Spices were once precious commodities used in trade. Today, they’re essential to most recipes.
Spices, by earliest definitions, refer to the dried seeds, berries, stems, and bark of plants grown in tropical/subtropical climates. They’re not only a standard in many ethnic dishes, but can elevate plain, everyday foods to culinary pleasures.

Modern spice classifications have changed, however, and the term is generally meant to include all seasonings, including blends, herbs, and dried vegetables.


While herbs may have been a common medicinal and flavoring ingredient, many spices have reigned as prized commodities throughout history. Pepper was once used as currency for trading while much later, spice-laden ships became conquests for pirates.


The most-used spices include:

Allspice, fennel, ginger, cinnamon, clove, macemustard powder, nutmeg, paprika, pepper, red pepper (cayenne), star anise, turmeric, white pepper.

Spice blends:

Apple pie spice, chili powdercurry powders, Chinese five spice, garam masala (), Italian seasoning, pickling spice, pumpkin pie spice.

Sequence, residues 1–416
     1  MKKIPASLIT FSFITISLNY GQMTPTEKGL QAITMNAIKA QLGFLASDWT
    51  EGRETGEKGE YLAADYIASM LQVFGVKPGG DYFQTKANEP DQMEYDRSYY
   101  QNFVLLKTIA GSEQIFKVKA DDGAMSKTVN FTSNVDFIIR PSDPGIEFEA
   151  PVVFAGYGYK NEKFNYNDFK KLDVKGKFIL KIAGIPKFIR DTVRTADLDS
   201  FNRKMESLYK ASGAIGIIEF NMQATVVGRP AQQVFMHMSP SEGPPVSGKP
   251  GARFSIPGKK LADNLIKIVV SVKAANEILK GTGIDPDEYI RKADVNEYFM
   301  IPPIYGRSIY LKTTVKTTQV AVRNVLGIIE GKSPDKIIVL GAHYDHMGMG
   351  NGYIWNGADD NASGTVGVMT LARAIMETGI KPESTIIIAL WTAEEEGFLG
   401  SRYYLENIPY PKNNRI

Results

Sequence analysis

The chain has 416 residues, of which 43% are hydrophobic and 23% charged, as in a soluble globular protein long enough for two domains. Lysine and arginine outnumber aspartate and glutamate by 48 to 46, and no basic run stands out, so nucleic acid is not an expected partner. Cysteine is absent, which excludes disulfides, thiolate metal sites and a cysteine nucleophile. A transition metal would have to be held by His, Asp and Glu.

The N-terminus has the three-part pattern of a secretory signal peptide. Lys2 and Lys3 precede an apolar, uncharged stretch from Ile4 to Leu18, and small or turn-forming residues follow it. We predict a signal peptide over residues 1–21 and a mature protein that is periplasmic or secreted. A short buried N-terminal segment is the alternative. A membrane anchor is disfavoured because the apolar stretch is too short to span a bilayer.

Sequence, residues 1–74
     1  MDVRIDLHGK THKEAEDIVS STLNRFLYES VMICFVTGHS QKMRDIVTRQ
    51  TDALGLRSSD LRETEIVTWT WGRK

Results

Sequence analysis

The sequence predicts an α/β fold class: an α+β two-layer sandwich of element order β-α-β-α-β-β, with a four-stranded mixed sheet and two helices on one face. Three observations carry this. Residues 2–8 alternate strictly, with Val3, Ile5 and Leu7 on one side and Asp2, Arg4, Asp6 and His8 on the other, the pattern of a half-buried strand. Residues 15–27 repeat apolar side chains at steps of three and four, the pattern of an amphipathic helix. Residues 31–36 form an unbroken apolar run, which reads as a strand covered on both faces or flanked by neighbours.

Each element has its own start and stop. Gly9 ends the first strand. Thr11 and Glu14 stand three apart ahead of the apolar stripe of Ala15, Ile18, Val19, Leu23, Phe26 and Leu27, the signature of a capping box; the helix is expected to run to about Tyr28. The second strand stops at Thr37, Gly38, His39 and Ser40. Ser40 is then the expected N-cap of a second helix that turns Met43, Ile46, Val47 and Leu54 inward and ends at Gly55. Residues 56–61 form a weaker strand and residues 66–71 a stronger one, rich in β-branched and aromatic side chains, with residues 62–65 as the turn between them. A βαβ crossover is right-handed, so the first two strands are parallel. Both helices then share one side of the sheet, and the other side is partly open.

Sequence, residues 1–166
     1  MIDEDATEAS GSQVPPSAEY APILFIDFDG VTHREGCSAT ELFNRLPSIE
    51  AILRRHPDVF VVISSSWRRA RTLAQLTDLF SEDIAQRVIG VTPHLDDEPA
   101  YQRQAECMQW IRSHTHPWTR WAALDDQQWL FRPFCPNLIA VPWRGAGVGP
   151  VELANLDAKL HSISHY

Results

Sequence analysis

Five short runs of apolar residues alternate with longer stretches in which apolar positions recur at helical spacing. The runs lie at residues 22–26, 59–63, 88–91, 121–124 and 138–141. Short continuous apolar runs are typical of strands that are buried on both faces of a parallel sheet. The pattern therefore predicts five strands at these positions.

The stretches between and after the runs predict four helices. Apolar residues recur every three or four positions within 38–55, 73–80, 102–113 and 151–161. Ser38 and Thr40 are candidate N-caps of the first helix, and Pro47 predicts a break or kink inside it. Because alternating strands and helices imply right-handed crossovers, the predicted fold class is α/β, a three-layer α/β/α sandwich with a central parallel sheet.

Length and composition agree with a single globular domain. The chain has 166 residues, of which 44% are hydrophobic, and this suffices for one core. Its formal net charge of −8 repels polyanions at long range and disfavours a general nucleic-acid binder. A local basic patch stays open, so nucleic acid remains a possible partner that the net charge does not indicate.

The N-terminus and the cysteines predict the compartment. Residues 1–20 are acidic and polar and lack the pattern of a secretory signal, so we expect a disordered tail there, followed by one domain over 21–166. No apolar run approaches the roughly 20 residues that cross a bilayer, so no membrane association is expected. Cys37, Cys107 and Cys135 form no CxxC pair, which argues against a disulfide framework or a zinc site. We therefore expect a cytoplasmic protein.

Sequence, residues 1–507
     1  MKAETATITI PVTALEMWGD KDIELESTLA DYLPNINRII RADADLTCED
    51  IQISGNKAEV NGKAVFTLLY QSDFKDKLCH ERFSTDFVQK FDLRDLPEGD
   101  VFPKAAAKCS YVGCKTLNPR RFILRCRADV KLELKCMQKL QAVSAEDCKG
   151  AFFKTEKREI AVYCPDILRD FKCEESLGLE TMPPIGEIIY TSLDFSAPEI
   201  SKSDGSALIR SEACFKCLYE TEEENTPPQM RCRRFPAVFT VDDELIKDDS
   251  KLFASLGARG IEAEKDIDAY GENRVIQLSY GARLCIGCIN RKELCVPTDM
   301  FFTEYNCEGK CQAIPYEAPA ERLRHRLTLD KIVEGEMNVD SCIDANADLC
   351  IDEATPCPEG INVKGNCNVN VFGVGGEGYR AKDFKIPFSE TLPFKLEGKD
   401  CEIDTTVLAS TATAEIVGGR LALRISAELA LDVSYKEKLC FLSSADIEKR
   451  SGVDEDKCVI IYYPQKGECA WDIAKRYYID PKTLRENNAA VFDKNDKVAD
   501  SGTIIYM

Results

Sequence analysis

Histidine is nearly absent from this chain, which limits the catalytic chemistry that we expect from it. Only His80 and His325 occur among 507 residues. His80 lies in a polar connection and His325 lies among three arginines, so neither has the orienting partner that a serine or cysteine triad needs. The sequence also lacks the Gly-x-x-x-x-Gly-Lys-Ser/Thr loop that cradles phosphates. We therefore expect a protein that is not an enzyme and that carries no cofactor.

Buying Tips

Avoid whole pods and berries that are cracked or broken.

Storage Tips

While six months is the general recommendation for length of freshness, many ground spices will be usable much longer – often up to two years. They lose flavor and taste over time. Color changes and lack of aroma are indications that a spice is well past prime.

Whole spices will last up to four years.

Store in a dry, cool, dark place and always keep containers tightly closed.

Red spices tend to turn brown. Refrigerate (sealed to prevent humidity buildup) or freeze.

Usage Tips

To enjoy the true flavors of whole spices, a grinder is the best investment. Process only the amount needed in a recipe.

Before grinding, some spices will benefit from toasting for enhanced flavor.

Never sprinkle spices directly from the bottle into a steaming pot. This will encourage caking and mold growth.